Ed Michael Reggie joins Tim to talk about the business of death, or more to the point, how the funeral business makes its money and what you can do about it. Ed is the creator of a new website designed to take the mystery out of funeral planning and make the whole process less painful. The site is called Funeralocity.com. https://traffic.libsyn.com/secure/shapingopinion/Business_of_Death_auphonic.mp3 If you’ve ever had to plan a funeral, you already know it’s a perfect storm of emotion, confusion and pain. Most often, you have to make decisions involving thousands of dollars in a short period of time. The decisions you make are permanent. They don’t get any more permanent. And yet, you have no idea what you’re doing. You don’t know how the funeral home, or the cemetery make their money. You don’t know when they’re trying to upsell you to make more from you, or when they have your best interest at heart. You’re usually in pain and grieving. The last thing you want to do is negotiate price at a time when money seems so unimportant. So, you go along. You nod your head when the funeral director points to the designer casket, the deluxe flower arrangements, and all of those mementos he says you need in order to remember your loved one. This is the business of death. And it is a business. Funeral homes get few chances to get your business, and once they do, grow that profit margin. Ed Michael Reggie has become an expert on that business as he built a website designed to take the mystery out of the funeral business so that you can navigate the process with a little less pain and confusion. Links Funeralocity.com FutureFactory National Funeral Directors Association Funeralocity.com Allows Grieving Consumers to Look at Prices and Reviews, New York Post About this Episode’s Guest Ed Michael Reggie Ed Michael Reggie is the managing director of Future Factory. He oversees the strategic direction of the company and manages its portfolio of businesses. Ed Michael is the CEO of Future Factory’s latest venture — Funeralocity.com, the first comparison website of funeral homes and cremation providers. Previously, he served as chairman of the board of another Future Factory company, GuideStar Research. He was founder and chairman of American LIFECARE, a regional managed healthcare company. He served as chief executive officer of Regent Health Systems, appointed to administer the rural hospital chain’s Chapter 11 bankruptcy. He also led Healing Arts Network, a complementary and alternative medicine company. Earlier in his career, he was a commercial bank president. Ed Michael’s passion for business drives his community and charitable efforts where he focuses on encouraging innovation, business growth and financial inclusion. He serves on the board of trustees of Grameen Foundation, a nonprofit that brings innovative and sustainable self-help programs to the fight against chronic hunger and poverty. He was a guarantor and founding board member of MCE Social Capital. He has served on the board of directors of the New Orleans BioInnovation Center, a wet lab incubator, as well as a delegate to trade missions in Rome and Hong Kong held by the Academy of International Health Studies. Ed Michael earned an MBA from Tulane University. He has been recognized for his business achievements and commitment to supporting local communities. He was lauded by Tulane University’s School of Public Health and Tropical Medicine with the Champion of Public Health Award in 2004 and was honored by Williston Northampton School in 2016 with the Robert A. Ward medal, the school’s highest humanitarian award.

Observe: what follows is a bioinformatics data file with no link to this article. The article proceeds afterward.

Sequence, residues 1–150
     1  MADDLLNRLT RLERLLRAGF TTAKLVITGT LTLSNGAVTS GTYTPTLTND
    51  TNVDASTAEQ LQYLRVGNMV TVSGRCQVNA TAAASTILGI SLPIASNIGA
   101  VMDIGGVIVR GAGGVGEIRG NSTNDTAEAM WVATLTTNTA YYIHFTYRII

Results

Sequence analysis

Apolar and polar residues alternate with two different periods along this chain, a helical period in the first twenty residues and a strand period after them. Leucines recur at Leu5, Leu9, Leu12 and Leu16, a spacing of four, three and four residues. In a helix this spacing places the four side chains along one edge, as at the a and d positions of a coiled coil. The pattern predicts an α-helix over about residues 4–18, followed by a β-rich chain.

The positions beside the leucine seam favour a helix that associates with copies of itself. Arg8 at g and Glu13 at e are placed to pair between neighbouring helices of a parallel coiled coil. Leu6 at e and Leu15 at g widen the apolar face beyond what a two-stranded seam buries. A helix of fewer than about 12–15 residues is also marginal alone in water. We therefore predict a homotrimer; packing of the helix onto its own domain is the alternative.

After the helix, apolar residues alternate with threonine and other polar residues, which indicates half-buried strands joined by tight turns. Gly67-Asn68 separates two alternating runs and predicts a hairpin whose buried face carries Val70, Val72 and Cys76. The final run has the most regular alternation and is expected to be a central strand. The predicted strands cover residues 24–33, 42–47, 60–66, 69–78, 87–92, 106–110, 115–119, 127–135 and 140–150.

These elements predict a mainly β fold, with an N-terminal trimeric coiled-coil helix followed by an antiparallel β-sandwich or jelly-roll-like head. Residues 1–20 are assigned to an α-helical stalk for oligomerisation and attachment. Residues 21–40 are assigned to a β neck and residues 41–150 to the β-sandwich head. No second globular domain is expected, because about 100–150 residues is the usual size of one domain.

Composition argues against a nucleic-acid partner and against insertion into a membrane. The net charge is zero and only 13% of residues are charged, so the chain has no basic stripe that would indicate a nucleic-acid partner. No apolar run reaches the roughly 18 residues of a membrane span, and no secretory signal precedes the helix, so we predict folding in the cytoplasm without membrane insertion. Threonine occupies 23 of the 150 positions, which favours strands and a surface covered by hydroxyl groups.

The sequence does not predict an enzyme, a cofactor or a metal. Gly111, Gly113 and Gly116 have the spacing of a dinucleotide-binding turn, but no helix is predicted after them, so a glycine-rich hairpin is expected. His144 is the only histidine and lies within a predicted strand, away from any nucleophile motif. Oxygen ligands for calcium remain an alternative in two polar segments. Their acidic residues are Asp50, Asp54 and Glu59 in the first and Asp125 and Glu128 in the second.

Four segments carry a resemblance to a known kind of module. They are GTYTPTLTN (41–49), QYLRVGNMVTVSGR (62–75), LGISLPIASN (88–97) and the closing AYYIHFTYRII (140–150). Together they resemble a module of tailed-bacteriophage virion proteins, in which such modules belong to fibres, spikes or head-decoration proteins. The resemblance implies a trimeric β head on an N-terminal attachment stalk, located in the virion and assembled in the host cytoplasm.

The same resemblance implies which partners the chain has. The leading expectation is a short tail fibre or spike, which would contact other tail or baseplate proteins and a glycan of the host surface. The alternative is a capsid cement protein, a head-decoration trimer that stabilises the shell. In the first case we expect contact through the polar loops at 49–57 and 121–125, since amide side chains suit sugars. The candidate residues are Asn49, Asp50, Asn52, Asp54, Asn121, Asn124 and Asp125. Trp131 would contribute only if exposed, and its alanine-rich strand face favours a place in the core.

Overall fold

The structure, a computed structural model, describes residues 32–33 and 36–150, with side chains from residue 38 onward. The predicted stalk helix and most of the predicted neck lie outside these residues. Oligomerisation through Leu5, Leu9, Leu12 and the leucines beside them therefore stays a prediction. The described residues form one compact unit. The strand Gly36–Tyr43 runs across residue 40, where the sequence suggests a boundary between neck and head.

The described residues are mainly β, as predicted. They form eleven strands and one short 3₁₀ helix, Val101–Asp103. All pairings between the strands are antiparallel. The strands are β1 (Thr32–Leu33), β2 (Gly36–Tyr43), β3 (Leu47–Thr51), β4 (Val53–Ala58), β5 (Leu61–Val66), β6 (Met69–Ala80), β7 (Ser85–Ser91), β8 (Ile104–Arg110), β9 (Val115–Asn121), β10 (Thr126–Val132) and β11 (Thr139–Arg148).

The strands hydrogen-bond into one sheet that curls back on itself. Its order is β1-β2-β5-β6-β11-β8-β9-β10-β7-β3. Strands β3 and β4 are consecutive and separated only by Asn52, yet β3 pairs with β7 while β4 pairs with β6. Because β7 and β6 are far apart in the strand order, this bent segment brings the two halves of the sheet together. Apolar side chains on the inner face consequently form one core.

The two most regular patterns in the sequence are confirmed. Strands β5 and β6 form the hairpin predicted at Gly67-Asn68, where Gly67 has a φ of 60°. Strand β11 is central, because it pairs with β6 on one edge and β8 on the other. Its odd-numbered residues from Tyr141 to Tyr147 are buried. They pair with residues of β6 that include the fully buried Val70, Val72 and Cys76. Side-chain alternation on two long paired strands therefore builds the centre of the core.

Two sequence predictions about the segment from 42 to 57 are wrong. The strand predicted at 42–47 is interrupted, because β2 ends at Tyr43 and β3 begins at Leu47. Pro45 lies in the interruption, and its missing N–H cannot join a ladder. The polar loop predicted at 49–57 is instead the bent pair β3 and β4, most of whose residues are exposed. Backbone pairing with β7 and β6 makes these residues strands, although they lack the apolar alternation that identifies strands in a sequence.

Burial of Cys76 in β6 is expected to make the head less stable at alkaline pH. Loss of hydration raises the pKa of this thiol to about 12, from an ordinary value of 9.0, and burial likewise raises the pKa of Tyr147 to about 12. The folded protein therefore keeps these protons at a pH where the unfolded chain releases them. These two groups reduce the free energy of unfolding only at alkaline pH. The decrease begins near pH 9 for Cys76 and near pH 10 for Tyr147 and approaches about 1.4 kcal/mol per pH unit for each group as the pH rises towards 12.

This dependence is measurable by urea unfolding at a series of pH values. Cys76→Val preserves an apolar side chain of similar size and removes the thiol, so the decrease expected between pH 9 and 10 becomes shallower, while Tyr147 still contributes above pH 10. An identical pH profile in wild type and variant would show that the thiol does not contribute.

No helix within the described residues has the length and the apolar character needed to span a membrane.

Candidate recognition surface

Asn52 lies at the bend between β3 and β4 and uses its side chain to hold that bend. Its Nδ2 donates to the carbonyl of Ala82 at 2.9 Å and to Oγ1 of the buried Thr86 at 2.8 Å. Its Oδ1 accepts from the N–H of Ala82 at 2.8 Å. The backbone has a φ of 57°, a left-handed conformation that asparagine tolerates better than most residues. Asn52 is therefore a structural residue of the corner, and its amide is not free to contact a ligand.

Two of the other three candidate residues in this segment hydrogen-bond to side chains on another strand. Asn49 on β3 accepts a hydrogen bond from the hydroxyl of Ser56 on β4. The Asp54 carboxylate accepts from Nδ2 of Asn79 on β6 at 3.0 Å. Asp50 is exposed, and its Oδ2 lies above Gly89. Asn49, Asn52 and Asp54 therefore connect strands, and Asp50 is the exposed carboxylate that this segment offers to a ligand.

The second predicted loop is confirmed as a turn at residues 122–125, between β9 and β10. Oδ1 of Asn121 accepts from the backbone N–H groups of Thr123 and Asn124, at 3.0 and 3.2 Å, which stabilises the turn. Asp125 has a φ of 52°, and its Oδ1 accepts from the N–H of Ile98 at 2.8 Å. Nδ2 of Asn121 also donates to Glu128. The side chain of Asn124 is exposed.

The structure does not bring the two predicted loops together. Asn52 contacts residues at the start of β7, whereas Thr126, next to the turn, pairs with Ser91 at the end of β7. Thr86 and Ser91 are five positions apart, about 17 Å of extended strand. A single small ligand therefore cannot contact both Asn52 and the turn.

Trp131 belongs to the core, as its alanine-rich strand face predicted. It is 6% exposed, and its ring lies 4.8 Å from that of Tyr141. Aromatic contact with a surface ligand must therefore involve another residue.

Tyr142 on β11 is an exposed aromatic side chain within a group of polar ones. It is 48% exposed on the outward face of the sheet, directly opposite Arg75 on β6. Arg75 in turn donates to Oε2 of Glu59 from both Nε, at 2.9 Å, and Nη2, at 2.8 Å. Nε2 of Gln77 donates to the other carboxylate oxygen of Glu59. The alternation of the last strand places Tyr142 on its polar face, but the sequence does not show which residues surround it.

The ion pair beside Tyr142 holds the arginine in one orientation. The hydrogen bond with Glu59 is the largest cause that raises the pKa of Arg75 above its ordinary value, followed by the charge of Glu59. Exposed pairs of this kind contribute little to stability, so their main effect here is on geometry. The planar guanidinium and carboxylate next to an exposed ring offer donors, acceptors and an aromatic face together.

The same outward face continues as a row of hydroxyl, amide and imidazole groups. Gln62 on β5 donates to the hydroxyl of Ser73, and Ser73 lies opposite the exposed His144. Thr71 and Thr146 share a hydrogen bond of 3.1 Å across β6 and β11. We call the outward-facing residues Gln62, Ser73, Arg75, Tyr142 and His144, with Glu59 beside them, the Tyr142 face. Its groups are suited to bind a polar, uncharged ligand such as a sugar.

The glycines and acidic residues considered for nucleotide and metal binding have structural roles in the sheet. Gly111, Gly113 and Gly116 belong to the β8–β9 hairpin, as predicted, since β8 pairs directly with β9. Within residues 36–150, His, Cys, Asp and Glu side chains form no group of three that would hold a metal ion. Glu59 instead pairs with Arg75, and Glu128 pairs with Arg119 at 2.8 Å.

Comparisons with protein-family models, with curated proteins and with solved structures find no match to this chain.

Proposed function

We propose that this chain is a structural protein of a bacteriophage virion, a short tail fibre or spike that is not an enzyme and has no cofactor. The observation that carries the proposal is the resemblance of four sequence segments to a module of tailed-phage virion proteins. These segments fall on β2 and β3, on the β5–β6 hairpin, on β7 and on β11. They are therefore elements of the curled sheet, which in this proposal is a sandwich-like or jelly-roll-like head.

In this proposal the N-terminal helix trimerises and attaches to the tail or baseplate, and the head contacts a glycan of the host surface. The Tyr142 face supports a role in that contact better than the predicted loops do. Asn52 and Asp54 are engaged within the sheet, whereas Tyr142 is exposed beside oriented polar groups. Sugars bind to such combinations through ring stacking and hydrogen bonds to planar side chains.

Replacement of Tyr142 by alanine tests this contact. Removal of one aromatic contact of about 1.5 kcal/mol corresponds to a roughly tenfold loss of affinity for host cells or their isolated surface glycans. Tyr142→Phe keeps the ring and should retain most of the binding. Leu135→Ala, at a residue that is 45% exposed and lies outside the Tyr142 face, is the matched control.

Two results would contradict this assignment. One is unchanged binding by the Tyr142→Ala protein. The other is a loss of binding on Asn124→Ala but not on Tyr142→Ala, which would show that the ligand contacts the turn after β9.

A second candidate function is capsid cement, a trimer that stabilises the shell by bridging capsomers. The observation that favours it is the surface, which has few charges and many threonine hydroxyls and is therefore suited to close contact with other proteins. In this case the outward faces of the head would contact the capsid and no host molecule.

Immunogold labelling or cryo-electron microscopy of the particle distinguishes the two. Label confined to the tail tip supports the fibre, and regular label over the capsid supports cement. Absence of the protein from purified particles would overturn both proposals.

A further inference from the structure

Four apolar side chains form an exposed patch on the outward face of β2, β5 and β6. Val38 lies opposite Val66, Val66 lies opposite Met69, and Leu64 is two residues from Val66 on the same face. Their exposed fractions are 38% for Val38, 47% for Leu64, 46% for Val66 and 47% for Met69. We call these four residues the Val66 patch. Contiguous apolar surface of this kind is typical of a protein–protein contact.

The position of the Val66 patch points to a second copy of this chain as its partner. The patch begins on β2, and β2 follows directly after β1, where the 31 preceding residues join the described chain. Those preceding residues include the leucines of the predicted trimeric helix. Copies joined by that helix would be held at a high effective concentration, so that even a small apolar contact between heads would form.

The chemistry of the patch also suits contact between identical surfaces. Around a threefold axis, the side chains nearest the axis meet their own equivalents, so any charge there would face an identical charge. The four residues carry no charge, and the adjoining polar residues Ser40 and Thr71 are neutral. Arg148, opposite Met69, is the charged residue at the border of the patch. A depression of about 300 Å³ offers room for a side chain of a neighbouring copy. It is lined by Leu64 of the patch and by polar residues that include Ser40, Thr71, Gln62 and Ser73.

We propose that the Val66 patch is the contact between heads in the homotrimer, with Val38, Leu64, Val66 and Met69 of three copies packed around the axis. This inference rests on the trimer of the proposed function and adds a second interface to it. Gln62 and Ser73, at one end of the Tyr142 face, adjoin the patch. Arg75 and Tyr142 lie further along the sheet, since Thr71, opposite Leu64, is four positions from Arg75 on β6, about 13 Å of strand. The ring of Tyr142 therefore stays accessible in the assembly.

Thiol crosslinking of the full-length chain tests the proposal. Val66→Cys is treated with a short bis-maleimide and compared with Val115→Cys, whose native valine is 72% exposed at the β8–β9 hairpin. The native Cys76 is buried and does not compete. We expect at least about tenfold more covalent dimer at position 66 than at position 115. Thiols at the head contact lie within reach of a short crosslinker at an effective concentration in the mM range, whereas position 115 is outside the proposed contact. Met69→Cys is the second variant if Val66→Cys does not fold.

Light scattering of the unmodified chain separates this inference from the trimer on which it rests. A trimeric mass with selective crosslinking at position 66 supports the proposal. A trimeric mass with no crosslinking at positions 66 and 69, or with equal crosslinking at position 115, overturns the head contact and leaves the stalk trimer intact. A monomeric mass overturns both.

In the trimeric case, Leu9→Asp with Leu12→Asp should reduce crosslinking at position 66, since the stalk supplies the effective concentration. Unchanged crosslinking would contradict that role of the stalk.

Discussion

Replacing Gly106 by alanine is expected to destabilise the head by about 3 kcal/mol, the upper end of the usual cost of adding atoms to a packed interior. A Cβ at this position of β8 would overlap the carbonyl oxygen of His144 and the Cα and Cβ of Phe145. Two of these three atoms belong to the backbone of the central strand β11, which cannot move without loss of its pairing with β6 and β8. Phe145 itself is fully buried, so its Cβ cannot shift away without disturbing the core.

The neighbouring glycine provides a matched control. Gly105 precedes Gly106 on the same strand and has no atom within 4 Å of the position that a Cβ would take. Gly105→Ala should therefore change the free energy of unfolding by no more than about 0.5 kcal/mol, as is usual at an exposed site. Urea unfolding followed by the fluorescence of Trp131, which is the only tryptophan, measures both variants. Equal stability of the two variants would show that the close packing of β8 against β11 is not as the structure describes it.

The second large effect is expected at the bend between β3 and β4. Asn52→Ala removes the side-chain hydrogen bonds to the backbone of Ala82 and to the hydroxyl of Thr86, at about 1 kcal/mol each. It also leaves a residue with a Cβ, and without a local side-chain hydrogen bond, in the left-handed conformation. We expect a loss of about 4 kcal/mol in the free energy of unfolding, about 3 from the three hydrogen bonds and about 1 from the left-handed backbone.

33 minutes | 2 months ago
What They Won’t Tell You About Socialism